Some provinces are easing COVID-19 restrictions. Here’s why – National
Canada’s top doctors said on Friday that the Omicron wave of COVID-19 may have peaked in Canada and some provinces across the country are already moving forward with easing restrictions based on key measures, like the hospitalizations and intensive care admissions that are driving reopening plans.
Earlier this week, Ontario public health officials said they noted improving Omicron wave trends, leading the provincial government to announce the easing of some COVID-19 restrictions on certain businesses – including restaurants and gymnasiums – from the end of January.
In a COVID-19 update on Wednesday, Health Minister Christine Elliott said the province of Ontario is starting to see “glimmers of hope” in its fight against the Omicron variant.
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Dr. Kieran Moore, Ontario’s chief medical officer of health, said in the same update that the rate of hospitalizations and cases in the intensive care unit were increasing but at a much slower rate.
On Friday, Ontario reported 4,114 people hospitalized with COVID on Friday, including 590 in intensive care units. As of Friday, hospitalizations stood at 3,814, with the number of people in intensive care at 527.
In an email to Global News on Thursday, an Ontario government spokesperson said the province is looking closely at hospitalizations and intensive care admissions as some of the key metrics when deciding whether to move forward. with the easing of restrictions.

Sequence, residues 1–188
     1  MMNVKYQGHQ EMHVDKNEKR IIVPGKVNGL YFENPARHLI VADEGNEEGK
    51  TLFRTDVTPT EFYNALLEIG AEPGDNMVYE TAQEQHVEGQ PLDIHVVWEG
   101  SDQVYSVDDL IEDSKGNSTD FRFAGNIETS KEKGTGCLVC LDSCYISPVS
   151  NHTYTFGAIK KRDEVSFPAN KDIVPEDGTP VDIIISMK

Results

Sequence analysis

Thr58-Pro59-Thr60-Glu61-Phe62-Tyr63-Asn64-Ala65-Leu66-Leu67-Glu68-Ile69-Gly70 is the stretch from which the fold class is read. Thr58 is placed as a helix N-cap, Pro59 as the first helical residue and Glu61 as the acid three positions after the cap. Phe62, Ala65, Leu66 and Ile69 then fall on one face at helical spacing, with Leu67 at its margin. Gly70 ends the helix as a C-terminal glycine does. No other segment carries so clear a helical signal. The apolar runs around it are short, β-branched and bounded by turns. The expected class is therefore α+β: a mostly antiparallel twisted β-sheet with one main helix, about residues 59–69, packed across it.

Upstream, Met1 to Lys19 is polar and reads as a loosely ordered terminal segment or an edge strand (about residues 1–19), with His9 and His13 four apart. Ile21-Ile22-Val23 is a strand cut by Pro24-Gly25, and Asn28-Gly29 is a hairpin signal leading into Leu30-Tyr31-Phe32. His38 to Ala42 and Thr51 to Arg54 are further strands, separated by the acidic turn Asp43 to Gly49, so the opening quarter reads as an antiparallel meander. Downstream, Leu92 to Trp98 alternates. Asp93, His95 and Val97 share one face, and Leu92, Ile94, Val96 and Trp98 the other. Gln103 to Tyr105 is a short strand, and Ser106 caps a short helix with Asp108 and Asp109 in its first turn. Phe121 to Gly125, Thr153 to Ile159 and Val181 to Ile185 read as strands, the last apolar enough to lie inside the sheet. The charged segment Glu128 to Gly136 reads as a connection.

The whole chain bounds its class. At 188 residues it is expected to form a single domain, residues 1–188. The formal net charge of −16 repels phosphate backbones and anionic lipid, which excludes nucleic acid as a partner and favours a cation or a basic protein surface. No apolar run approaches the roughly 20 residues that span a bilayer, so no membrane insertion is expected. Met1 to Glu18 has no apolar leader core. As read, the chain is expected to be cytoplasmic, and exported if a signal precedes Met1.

“We knew that many healthcare workers are absent because they themselves have contracted COVID-19… but we are starting to see this number stabilize and we are able to provide care despite 100% occupancy in some of our facilities,” the email reads, quoting Dr. Moore.
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Other metrics under review included the number of people tested for COVID-19 and the number of outbreaks, particularly in long-term care sectors.
Like Ontario, the province of British Columbia also announced the easing of some COVID restrictions earlier this week. Based on modeling data released Jan. 14, the province has made the decision to reopen gyms and exercise facilities with capacity limits and continued use of the BC vaccination card from of January 20, said British Columbia’s top health official, Dr. Bonnie Henry.
The number of cases as well as the positivity rate look set to drop in British Columbia, according to the data.
However, the number of people admitted to hospital with COVID is expected to increase.
“Our modeling shows that between January 15 and January 22 we expect the peak in hospital admissions,” Henry said last week.
British Columbia reported 15 more COVID-19 deaths on Thursday as it saw the number of hospital cases drop for the first time in more than two weeks.
A British Columbia spokesperson also said in an email that the metrics they use in decision-making are case counts, vaccination rates, hospitalizations, outbreaks and clusters.
Are these measures sufficient to ease the restrictions?